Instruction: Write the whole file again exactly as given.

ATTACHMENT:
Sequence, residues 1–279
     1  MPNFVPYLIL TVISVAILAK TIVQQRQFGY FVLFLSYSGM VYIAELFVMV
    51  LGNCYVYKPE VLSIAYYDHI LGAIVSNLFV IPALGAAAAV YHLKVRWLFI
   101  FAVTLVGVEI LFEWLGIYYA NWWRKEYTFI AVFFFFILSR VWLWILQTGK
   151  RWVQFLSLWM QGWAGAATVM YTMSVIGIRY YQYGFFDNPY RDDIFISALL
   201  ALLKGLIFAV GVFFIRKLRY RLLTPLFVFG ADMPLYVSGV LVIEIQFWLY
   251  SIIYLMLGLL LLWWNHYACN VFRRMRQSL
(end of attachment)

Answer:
Sequence, residues 1–279
     1  MPNFVPYLIL TVISVAILAK TIVQQRQFGY FVLFLSYSGM VYIAELFVMV
    51  LGNCYVYKPE VLSIAYYDHI LGAIVSNLFV IPALGAAAAV YHLKVRWLFI
   101  FAVTLVGVEI LFEWLGIYYA NWWRKEYTFI AVFFFFILSR VWLWILQTGK
   151  RWVQFLSLWM QGWAGAATVM YTMSVIGIRY YQYGFFDNPY RDDIFISALL
   201  ALLKGLIFAV GVFFIRKLRY RLLTPLFVFG ADMPLYVSGV LVIEIQFWLY
   251  SIIYLMLGLL LLWWNHYACN VFRRMRQSL